Jump to ContentJump to Main Navigation
Dark WritingGeography, Performance, Design$
Users without a subscription are not able to see the full content.

Paul Carter

Print publication date: 2008

Print ISBN-13: 9780824832469

Published to Hawaii Scholarship Online: November 2016

DOI: 10.21313/hawaii/9780824832469.001.0001

Show Summary Details
Page of

PRINTED FROM HAWAII SCHOLARSHIP ONLINE (www.hawaii.universitypressscholarship.com). (c) Copyright Hawaii University Press, 2021. All Rights Reserved. An individual user may print out a PDF of a single chapter of a monograph in HSO for personal use.date: 08 December 2021

The Interpretation of Dreams: Mobilizing the Papunya Tula Painting Movement, 1971–1972

The Interpretation of Dreams: Mobilizing the Papunya Tula Painting Movement, 1971–1972

Chapter:
(p.103) Chapter 4 The Interpretation of Dreams: Mobilizing the Papunya Tula Painting Movement, 1971–1972
Source:
Dark Writing
Author(s):

Paul Carter

Publisher:
University of Hawai'i Press
DOI:10.21313/hawaii/9780824832469.003.0005

This chapter examines the beginnings of the Western Desert Painting movement at Papunya in central Australia in 1971–1972. The paintings that came out of that place and time—as well as a number of the artists—are world-famous now, but the role played by Geoffrey Bardon, the white teacher who facilitated this extraordinary event, is little known. Far from standing outside the creative situation, Bardon cast himself in the role of instigator, play-actor, provocateur, and collector. He realized that the so-called dot-and-circle style of painting embodied a profoundly non-linearist conception of the environment and of human obligations to it, and that these were rooted in a conviction that the human and non-human worlds were unified through movement forms that were at once mythological, participatory, creative, and recreative. Ultimately, the key point of the Papunya drawings was that they were both plans, or maps of place, and traces of passage.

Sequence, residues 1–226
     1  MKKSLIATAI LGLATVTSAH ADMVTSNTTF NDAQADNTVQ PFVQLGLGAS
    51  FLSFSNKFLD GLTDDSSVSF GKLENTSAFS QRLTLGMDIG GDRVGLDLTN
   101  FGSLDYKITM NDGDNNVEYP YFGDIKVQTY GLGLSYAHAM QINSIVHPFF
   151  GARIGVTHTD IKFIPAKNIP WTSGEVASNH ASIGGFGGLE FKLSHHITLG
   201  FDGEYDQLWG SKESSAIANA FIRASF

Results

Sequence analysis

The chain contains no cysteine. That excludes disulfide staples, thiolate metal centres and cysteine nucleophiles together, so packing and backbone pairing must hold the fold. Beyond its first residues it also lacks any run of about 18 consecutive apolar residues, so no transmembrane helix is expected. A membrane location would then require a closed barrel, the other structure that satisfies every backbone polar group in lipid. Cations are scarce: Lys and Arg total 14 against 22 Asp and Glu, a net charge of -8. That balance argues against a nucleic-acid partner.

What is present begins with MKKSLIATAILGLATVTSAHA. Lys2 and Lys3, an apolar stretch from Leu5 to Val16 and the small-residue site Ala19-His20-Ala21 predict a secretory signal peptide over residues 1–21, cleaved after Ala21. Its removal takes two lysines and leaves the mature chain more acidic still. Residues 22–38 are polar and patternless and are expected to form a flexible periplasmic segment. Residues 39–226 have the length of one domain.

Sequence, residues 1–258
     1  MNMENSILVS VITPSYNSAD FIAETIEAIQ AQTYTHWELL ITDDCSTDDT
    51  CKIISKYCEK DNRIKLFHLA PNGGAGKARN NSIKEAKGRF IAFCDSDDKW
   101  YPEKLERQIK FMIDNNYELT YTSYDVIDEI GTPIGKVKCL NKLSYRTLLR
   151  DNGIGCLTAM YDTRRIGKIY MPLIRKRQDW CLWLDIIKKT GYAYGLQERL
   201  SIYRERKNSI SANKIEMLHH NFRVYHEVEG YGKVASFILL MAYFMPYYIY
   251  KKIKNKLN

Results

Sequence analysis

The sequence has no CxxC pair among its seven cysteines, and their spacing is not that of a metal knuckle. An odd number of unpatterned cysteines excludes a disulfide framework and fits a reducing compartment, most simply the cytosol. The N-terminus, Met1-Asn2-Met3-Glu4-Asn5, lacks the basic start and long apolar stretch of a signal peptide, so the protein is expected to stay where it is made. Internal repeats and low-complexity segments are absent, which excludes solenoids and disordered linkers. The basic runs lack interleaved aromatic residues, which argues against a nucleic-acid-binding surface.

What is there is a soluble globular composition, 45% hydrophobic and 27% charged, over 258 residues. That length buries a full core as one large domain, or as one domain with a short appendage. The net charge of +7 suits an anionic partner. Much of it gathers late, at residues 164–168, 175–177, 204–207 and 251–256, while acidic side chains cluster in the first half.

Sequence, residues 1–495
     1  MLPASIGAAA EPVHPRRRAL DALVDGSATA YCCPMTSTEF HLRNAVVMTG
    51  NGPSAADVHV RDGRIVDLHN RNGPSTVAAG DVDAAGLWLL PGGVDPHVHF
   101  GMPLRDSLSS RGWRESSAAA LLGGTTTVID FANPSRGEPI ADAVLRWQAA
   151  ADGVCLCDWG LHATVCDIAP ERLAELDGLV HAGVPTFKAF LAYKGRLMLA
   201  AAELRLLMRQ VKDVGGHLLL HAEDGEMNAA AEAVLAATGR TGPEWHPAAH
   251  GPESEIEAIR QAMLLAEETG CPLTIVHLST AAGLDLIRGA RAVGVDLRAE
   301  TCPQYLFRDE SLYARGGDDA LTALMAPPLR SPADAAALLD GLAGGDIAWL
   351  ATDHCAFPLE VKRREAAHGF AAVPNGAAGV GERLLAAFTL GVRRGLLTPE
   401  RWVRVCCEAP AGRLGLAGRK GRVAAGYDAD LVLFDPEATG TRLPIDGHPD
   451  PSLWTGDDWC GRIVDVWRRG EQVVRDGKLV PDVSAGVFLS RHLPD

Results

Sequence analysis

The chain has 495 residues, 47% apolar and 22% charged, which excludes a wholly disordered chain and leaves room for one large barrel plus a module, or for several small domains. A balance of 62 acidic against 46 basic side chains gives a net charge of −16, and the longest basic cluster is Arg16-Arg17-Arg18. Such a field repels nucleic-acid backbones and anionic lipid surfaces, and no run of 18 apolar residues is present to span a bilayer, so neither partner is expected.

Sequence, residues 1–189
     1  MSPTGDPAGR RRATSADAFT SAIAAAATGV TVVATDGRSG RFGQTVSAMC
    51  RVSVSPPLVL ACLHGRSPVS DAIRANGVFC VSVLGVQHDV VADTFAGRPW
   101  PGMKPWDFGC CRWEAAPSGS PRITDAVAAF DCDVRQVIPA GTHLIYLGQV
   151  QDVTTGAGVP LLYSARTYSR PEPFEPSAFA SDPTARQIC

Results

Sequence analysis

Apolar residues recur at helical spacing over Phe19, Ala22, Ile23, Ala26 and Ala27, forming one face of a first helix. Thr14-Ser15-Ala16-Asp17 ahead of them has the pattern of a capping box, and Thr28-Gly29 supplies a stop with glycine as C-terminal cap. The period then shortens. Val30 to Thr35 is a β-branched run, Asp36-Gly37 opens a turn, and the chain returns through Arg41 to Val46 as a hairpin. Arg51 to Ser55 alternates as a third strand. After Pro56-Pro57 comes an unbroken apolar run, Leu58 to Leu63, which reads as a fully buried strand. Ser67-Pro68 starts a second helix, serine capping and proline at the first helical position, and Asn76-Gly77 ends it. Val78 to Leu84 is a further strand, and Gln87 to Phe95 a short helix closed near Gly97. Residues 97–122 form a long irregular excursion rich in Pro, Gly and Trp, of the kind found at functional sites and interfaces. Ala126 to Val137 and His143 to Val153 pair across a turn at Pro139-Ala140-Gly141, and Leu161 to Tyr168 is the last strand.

Keywords:   Western Desert Painting movement, Geoffrey Bardon, dot-and-circle style, movement forms, Papunya drawings

Hawaii Scholarship Online requires a subscription or purchase to access the full text of books within the service. Public users can however freely search the site and view the abstracts and keywords for each book and chapter.

Please, subscribe or login to access full text content.

If you think you should have access to this title, please contact your librarian.

To troubleshoot, please check our FAQs, and if you can't find the answer there, please contact us.